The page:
Books have been a substantial part of my life, right from early days when my Scottish grandmother gave me a copy of Quentin Durward for my second birthday (a somewhat premature gift, even for someone as precocious as me!). The link with education was made at Christmas when I was five: a marvellous present from my father of the complete set of Arthur Mee's Children's Encyclopaedia.
Books have always taught me so much - if I wanted to know anything, I always went to a book or several in a library. And for me, the Penguin imprint was a treasure trove; my greatest education at university really being through the books I discovered and read as well as those prescribed. Those fantastic birds were on my shelves in flocks: Pelicans and Peregrines (does anyone remember them?)
and of course the ubiquitous Penguin itself. Indeed such was the value that we placed on them that in the early days of our marriage when we were saving in order to buy a house, before I spent any money on anything I would ask: how many Penguins could I buy with the same money, is it worth it, and would I rather have those Penguins instead?
My career by then was in publishing - as well as education. I had started as a teacher, but soon moved to educational publishing. The fundamental worth of books and education are firmly intertwined for me.
Some things have changed, of course. Now I go to the Internet rather than having shelves groaning with reference books as I did when I was in children's non-fiction publishing. I download fiction onto my Kindle, and since the removal of the Net Book Agreement, the cost of books has plummeted (although when I was in publishing I was entitled to staff discounts which made books a third cheaper than the retail price). But one aspect has not changed, or rather during this era of austerity, coupled with my no longer receiving a salary, I have resumed my previous practice of evaluation by - not paperback any more, but by art book.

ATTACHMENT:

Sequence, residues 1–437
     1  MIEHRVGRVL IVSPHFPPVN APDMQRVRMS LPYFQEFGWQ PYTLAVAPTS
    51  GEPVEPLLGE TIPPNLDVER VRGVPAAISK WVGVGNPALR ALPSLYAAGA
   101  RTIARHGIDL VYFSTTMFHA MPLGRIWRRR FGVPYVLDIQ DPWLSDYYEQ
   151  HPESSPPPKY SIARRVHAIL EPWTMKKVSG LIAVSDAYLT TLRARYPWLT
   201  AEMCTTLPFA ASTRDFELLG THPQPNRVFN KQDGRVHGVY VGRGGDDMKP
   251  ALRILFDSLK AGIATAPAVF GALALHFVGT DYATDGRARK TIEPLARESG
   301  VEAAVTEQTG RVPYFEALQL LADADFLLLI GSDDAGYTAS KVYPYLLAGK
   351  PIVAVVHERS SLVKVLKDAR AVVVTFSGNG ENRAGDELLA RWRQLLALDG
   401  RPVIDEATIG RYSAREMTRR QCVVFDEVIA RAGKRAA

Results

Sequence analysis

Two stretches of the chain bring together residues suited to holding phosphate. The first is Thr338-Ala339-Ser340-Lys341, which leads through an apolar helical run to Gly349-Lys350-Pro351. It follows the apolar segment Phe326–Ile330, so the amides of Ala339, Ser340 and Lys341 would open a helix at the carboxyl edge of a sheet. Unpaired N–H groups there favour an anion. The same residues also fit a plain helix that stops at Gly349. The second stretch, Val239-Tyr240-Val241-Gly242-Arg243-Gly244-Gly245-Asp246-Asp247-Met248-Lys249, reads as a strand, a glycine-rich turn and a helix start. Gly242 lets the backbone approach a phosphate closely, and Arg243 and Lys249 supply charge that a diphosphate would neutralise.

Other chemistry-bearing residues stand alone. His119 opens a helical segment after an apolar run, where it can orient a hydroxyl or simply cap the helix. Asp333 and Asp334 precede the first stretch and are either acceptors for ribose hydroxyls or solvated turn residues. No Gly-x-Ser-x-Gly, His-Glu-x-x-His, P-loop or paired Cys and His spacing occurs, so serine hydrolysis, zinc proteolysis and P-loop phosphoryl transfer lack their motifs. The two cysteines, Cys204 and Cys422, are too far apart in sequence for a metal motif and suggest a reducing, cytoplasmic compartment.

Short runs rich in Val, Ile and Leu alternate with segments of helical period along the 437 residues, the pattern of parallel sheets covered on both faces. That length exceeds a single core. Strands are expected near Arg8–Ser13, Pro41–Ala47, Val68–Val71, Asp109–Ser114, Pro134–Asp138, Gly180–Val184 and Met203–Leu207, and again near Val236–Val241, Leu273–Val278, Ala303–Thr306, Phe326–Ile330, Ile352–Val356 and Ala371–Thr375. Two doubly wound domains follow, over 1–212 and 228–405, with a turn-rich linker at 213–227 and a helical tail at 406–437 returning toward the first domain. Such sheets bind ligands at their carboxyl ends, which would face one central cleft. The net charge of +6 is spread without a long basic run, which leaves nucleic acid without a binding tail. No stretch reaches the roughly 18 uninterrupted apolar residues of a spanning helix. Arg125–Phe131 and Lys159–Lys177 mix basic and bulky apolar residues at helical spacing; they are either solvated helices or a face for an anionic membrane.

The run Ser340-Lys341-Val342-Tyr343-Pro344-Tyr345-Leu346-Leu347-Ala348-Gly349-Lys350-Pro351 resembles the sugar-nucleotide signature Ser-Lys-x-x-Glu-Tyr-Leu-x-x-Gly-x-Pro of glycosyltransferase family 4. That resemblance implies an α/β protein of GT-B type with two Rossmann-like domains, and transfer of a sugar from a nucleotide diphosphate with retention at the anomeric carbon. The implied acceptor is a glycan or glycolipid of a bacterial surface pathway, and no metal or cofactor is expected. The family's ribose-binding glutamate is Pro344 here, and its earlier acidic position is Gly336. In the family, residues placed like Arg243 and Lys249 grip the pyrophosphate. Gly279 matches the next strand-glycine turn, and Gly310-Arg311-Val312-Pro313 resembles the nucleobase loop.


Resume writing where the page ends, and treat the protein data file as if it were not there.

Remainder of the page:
This is particularly true in the case of education: classes and other learning environments. In planning a winter of printmaking experimentation, I have been reviewing my development, experience, and my teachers. I have been extremely fortunate to have encountered two exceptional teachers of printmaking: Holly Drewett, especially, because I was lucky enough first to encounter her when I was starting, and secondly because she is a gifted, enthusiastic, and enabling teacher and widely experienced printmaker.
The second was Laura Boswell, who is methodical, enthusiastic, clear, thorough, and greatly experienced in the field of Japanese woodblock printmaking. Both of them also make beautiful work, and my encounters with each of them was far too short for my liking.
Other printmakers may have made lovely work, but as teachers have ranged from adequate to certainly not worth the money, which would much better have gone to however many art books. I think we should praise those who are brilliant teachers, because that is a skill which is generally undervalued, I find. After all, I wholly agree with the saying I encountered when I was working with a publishing house in Zimbabwe: the death of a good teacher is like burning a library.
Beads with large holes
4 minutes ago